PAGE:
Divorce doesn't impact children, especially if they are adults, does it? When families are "ripped apart by divorce," it has no consequences, right?
"The deranged California man who gunned down four people and unleashed the violence on the streets of Santa Monica did so because he was angry over his parents' recent divorce." By the way, the family had apparently been "ripped apart by the divorce." Let me be very clear -- ripping families apart just because the marriages are over has severe and lasting consequences to the former spouses, their children, the family, future generations of that family and society as a whole.
Like it or not, if there are children of the relationship (regardless of their age), the family still exists after the relationship ends. The manner in which you end a relationship determines whether your family will be functional or dysfunctional from that day forward.
While there may be disagreement regarding whether or not divorce in and of itself is damaging to children, no reasonable person can disagree that they way in which people divorce plays a significant role. I am by no means encouraging divorce. However, all the top researchers in the field have come to the conclusion that it is the way in which people divorce (including what they do or don't tell their children) and the parental conflict that damages children. "Children are harmed from the following things: (1) Powerlessness/Helplessness; (2) Lack of Predictability (stability and predictability are not the same thing); (3) Parental Conflict (a major cause of helplessness and unpredictability); (4) Poor Parenting (caused in part from parental conflict, which happens to be increased by the adversarial process); and (5) Poverty (which increases all of the other factors)," says Ruth Bettelheim, PhD. According to Ursula Kodjoe, MA, "Children of highly conflict-ridden families feel helpless with regard to the loss of important relations. Such children experience some of the following consequences: (1) Twice the risk of developing a problematic behavior; (2) Low self-love and self-esteem; (3) Development of externalized symptoms such as aggressive acts of violence; (4) Development of internalized symptoms such as sadness and depression: (5) Psychosomatic symptoms such as asthma; (6) Problems of adaption; and (7) Loss of respect for adults." Adult children of divorce who have participated on divorce panel discussions have repeatedly confirmed this. The outcome from the child(ren)'s perspective has nothing to do with the particular parenting plan (assuming there was one ), but with how the parents acted.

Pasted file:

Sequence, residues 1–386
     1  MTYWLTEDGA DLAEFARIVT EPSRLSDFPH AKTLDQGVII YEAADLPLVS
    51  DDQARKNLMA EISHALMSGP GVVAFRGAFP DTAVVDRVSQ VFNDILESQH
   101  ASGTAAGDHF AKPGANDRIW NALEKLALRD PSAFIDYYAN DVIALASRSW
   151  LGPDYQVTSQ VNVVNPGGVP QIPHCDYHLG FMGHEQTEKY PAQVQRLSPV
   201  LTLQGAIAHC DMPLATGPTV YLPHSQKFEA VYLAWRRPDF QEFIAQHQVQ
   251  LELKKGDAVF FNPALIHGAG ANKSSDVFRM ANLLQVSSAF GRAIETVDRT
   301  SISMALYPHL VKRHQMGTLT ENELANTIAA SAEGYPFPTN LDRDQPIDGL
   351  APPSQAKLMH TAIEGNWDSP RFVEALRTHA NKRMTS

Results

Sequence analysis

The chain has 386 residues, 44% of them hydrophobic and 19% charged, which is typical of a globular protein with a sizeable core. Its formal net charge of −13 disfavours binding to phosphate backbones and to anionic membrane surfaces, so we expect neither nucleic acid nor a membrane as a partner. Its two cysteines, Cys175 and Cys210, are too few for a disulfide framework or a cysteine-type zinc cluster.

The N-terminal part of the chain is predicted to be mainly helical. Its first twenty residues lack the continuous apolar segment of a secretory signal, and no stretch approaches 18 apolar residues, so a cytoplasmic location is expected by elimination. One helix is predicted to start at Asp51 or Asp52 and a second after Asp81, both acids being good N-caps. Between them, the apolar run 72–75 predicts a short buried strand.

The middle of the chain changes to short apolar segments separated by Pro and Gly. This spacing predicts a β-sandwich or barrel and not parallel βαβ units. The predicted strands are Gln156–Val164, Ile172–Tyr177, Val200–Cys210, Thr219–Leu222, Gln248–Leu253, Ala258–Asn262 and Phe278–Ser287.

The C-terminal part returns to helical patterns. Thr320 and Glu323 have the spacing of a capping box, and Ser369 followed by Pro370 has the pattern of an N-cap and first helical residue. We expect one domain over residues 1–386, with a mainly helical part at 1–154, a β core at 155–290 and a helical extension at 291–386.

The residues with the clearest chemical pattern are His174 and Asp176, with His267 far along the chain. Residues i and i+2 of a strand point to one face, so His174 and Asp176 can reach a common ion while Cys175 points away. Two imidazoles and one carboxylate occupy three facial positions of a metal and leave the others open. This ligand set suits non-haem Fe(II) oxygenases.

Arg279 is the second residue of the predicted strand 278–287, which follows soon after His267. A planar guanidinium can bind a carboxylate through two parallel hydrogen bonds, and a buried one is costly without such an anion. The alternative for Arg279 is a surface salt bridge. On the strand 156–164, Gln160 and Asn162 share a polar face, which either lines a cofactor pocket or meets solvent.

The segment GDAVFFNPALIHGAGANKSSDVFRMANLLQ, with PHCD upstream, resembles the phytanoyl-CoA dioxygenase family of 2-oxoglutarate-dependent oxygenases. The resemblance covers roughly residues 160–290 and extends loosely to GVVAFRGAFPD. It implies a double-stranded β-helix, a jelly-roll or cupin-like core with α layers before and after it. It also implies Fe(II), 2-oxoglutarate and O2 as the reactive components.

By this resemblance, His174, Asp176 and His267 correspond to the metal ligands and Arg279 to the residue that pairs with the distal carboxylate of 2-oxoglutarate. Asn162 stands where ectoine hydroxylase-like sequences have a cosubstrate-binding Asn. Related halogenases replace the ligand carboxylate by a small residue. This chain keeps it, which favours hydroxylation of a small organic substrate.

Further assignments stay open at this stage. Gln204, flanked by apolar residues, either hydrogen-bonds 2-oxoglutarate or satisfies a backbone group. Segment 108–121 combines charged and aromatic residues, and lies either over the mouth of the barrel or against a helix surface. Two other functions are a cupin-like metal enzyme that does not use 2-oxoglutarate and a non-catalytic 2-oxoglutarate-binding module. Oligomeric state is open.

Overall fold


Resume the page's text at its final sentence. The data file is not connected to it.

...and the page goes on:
Parents need to understand that what they do, say, and how they act toward the other parent has long-term consequences. The things people do with or without the assistance of their attorneys, have consequences that will last for generations to come. Since divorce is a fact of life, all we can do is to make it a less destructive process. According to Joan Kelly, Ph.D., 80-85% of family law matters can be resolved without litigation. Since you cannot unring the bell, should all cases be litigated just because 15-20 percent of cases (1 in 5-6 cases) may ultimately be litigated? "When you start a court case, you are starting a war," says Justice Harvey Brownstone.
"Is the adversary model the appropriate model for dealing with family law matters? No! Judicial officers should view the fiscal crisis as an opportunity to reengineer the family law system. We have problem-solving courts for mental health matters, substance abuse, domestic violence, and many other matters. Why don't we have problem-solving courts for family matters?," says Paul J. De Muniz, Distinguished Jurist in Residence, Willamette University College of Law and Former Chief Justice, Oregon Supreme Court.
Mark A. Juhas, a Los Angeles Family Law Judge, believes that the default process for resolving family law matters must be changed from litigation to consensual dispute resolution.
"Who has the right to declare parents to be enemies? Litigation feeds paranoia. Mutual respect and renewed confidence leads to solutions. In Germany, they no longer have adversarial trials when it comes to issues pertaining to children. Judges in Germany no longer tolerate lawyers who try to delay hearings and resolution of issues because continuances are not 'benign.' The time of uncertainty is itself stressful and leads to destructive behavior. The role of attorneys in Germany is now deescalating conflict. The results seem far superior then when they used to escalate conflict," says Ursula Kodjoe, MA.
Do lawyers elsewhere escalate or deescalate conflict? Think about it! According to Justice De Muniz, "We need law schools to start to train lawyers who are able to effectively meet the public's needs. This is not occurring anywhere yet. The public wants psychologically-minded lawyers."